Jump to:  A   |   B   |   C   |   D   |   E   |   F   |   G   |   H   |   I   |   J   |   K   |   L   |   M   |   N   |   O   |   P   |   Q   |   R   |   S   |   T   |   U   |   V   |   W   |   X   |   Y

Teaching Kids the Importance of an Apology

Teaching Kids the Importance of an Apology

WEDNESDAY, April 3, 2019 (HealthDay News) -- "Say you're sorry." It's almost a natural reflex to ask this of your child when he or she hurts or wrongs someone. But at what age do kids really understand the meaning of an apology, and should you make a child repeat the words if they don't yet have real meaning?

Studies show that 4-year-olds can tell that an apology makes someone who's upset feel better. It also makes the wrongdoer more likable.

But it isn't until age 5 that children can make the connection with the underlying emotions that prompt an apology, like guilt and remorse over the mistake. At this age, they can also tell the difference between a child who readily and sincerely apologizes, and one who is pushed into it by a parent. And when a child isn't sincere about the apology, his or her words won't make the wronged person feel better.

For kids ages 6 or 7, it takes more than an apology to make full amends. Steps are needed to correct the wrong or "make restitution" for a child to feel better. An apology can mend a relationship, but it takes restitution to mend hurt feelings.

Help your young ones understand the meaning of an apology before any transgression occurs. Look for a teachable moment from your own life. Maybe you forgot to call Grandma -- explain to your child that both you and Grandma felt bad about it and that an apology helped, but what really made a difference was making the call, even if it was late in coming. In fact, when a child isn't ready to verbally apologize, rather than force an "I'm sorry," show him or her a tangible way to make amends. This will go further than empty words.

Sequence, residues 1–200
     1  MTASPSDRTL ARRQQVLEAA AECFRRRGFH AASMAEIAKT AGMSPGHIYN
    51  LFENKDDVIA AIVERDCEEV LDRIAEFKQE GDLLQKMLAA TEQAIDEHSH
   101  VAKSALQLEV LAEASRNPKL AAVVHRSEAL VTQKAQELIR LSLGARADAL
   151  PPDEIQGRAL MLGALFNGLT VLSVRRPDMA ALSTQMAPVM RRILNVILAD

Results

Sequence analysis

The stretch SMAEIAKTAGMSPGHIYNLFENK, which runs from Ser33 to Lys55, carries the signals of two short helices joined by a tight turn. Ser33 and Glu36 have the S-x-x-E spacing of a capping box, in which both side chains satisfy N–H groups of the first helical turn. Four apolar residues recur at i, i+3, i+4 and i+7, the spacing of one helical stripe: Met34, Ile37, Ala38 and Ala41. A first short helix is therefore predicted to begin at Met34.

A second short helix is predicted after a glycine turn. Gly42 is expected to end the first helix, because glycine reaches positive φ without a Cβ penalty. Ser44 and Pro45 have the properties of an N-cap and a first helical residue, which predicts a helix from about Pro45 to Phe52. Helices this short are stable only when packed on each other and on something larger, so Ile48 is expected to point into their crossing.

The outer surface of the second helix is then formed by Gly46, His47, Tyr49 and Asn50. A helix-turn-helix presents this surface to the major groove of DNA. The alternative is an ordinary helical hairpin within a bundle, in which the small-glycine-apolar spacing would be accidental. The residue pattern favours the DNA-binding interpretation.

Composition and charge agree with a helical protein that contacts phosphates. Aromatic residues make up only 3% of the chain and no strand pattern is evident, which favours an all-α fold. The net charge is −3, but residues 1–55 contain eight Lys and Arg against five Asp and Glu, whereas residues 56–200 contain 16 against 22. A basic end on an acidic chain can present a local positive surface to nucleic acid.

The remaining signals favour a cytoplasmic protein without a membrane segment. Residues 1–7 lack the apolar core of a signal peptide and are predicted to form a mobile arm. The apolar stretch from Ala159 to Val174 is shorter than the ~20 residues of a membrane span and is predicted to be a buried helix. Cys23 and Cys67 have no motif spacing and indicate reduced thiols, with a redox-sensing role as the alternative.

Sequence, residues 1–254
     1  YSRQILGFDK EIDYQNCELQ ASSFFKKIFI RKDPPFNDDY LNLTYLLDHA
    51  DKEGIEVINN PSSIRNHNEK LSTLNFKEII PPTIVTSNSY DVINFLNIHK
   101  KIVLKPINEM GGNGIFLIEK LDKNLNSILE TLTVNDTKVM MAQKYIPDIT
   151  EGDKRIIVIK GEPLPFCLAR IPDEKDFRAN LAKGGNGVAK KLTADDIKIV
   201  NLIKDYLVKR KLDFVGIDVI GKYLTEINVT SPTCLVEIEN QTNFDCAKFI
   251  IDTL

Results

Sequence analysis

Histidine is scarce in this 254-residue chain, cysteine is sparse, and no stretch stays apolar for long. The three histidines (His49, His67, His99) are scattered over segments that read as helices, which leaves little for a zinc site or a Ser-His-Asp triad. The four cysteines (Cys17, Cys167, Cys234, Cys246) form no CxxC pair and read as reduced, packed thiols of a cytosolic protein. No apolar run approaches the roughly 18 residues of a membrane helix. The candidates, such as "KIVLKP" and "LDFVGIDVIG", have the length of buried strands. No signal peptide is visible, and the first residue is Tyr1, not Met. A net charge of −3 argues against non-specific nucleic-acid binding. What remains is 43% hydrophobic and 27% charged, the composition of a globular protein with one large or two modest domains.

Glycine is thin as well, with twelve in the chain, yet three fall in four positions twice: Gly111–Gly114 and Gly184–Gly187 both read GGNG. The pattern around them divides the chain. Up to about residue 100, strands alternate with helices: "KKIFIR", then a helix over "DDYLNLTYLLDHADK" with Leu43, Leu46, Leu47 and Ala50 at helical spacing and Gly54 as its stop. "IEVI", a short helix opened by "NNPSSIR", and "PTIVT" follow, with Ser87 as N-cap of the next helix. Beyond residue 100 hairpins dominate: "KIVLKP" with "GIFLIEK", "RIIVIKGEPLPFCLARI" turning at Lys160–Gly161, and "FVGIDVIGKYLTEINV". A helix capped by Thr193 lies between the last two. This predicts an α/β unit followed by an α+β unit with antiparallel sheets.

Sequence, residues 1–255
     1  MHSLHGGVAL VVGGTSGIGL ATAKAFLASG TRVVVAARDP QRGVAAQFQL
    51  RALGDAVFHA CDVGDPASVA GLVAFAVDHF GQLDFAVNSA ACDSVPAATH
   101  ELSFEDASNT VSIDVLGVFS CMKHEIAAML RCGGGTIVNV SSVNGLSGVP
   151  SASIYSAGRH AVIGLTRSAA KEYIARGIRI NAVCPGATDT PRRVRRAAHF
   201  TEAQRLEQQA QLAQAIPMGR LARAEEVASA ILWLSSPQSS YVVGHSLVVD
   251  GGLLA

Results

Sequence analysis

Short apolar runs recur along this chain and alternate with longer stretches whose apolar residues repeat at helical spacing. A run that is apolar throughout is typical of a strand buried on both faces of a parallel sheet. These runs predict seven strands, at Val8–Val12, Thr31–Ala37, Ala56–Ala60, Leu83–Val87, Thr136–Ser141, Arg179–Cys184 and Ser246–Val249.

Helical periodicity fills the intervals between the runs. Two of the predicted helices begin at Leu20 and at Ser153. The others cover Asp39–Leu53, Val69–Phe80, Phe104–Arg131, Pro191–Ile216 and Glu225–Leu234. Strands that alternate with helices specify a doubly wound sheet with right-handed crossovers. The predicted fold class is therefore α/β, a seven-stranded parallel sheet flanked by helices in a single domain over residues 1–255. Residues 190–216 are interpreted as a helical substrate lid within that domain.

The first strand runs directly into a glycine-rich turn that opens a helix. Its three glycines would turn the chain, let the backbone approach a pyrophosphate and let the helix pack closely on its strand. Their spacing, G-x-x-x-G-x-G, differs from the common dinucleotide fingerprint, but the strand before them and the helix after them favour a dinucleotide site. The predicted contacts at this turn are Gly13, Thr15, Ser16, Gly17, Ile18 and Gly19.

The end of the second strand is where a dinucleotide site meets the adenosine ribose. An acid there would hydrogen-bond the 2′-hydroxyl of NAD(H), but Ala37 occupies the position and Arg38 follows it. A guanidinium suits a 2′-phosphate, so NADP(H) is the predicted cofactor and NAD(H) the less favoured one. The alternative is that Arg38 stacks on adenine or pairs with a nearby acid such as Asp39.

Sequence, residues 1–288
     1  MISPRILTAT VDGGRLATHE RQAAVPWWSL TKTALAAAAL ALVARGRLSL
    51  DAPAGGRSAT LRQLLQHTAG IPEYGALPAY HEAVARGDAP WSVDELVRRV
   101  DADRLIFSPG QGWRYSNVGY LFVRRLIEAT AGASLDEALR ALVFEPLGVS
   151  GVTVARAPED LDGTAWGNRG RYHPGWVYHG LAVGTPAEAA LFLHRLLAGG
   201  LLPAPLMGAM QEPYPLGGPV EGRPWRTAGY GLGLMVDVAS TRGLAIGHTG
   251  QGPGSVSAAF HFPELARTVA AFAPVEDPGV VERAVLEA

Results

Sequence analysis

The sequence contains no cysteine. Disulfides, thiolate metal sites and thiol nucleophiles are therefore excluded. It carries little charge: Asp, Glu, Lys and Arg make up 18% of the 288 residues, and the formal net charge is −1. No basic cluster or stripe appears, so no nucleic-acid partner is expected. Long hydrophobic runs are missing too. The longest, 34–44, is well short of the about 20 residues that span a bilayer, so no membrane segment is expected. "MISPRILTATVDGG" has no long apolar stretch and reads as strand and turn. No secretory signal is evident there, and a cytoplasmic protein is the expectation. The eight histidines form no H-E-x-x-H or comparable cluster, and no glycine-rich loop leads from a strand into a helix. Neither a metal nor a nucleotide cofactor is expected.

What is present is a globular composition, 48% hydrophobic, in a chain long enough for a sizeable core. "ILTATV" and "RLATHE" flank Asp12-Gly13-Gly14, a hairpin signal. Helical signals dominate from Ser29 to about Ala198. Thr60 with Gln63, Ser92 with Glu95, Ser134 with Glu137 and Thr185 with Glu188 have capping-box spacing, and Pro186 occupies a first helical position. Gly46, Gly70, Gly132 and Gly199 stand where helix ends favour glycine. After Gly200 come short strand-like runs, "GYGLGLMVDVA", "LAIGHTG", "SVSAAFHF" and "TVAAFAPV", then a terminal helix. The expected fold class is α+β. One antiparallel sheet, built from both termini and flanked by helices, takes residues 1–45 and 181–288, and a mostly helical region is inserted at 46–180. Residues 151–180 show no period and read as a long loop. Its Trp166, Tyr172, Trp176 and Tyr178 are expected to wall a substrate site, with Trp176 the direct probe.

More information

The Greater Good Science Center at the University of California, Berkeley, has more on helping kids grasp the concepts of apology and making amends.

Reviewed Date: --

Find a pediatrician
Health Tips
Abuse of Prescription ADHD Medicines Rising on College Campuses
Guidelines for Raising Smoke-Free Kids
Helping Kids Get Over their Fears
How Old Is "Old Enough" for Contacts?
Parenting Déjà vu: Raising Your Grandchildren
Parents-to-Be Must Communicate
Reading to Kids Helps Their Development
Talk With Your Kids About These Issues
Talking About Sex with Your Teen
NewsLetters
5 Tips for Surviving Baby’s First Year
Cultivating Curiosity in Kids Is Key for Academic Success
Homework Help: For Parents
Diseases & Conditions
Anatomy of a Child's Brain
Anatomy of the Endocrine System in Children
Anxiety Disorders in Children
Asthma in Children Index
Becker Muscular Dystrophy (BMD) in Children
Bone Marrow Transplant for Children
Brain Tumors in Children
Chemotherapy for Children: Side Effects
Discipline
Ewing Sarcoma in Children
Firearms
Hepatitis B (HBV) in Children
Inflammatory and Infectious Musculoskeletal Disorders
Inflammatory and Infectious Neurological Disorders
Inguinal Hernia in Children
Insect Bites and Children
Kidney Transplantation in Children
Meningitis in Children
Mood Disorders in Children and Adolescents
Myasthenia Gravis (MG) in Children
Osteosarcoma (Osteogenic Sarcoma) in Children
Pediatric Blood Disorders
Posttraumatic Stress Disorder (PTSD) in Children
Preparing the School-Aged Child for Surgery
Schizophrenia in Children
School-Aged Child Nutrition
Sports Safety for Children
Superficial Injuries of the Face and Head- Overview
Television and Children
Thalassemia
The Growing Child: 2-Year-Olds
The Heart
The Kidneys
Your Child's Asthma
Your Child's Asthma: Flare-ups

Disclaimer: This information is not intended to substitute or replace the professional medical advice you receive from your child's physician. The content provided on this page is for informational purposes only, and was not designed to diagnose or treat a health problem or disease. Please consult your child's physician with any questions or concerns you may have regarding a medical condition.